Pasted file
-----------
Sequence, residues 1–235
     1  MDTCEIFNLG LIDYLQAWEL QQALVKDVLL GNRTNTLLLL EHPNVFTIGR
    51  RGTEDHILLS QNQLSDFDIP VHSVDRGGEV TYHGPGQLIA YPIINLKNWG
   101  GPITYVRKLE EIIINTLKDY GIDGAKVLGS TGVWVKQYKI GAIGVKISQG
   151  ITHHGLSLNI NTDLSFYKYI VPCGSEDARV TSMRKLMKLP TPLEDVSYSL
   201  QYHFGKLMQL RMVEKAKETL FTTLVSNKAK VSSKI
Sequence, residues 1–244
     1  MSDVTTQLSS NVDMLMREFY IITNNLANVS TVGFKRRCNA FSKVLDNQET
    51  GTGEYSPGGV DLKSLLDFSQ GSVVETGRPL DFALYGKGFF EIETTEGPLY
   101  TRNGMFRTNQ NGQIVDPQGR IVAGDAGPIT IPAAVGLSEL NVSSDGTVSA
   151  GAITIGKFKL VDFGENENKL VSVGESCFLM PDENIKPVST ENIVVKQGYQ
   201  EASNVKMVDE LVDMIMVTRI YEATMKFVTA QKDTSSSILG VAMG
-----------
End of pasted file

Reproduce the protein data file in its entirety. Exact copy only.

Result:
Sequence, residues 1–235
     1  MDTCEIFNLG LIDYLQAWEL QQALVKDVLL GNRTNTLLLL EHPNVFTIGR
    51  RGTEDHILLS QNQLSDFDIP VHSVDRGGEV TYHGPGQLIA YPIINLKNWG
   101  GPITYVRKLE EIIINTLKDY GIDGAKVLGS TGVWVKQYKI GAIGVKISQG
   151  ITHHGLSLNI NTDLSFYKYI VPCGSEDARV TSMRKLMKLP TPLEDVSYSL
   201  QYHFGKLMQL RMVEKAKETL FTTLVSNKAK VSSKI
Sequence, residues 1–244
     1  MSDVTTQLSS NVDMLMREFY IITNNLANVS TVGFKRRCNA FSKVLDNQET
    51  GTGEYSPGGV DLKSLLDFSQ GSVVETGRPL DFALYGKGFF EIETTEGPLY
   101  TRNGMFRTNQ NGQIVDPQGR IVAGDAGPIT IPAAVGLSEL NVSSDGTVSA
   151  GAITIGKFKL VDFGENENKL VSVGESCFLM PDENIKPVST ENIVVKQGYQ
   201  EASNVKMVDE LVDMIMVTRI YEATMKFVTA QKDTSSSILG VAMG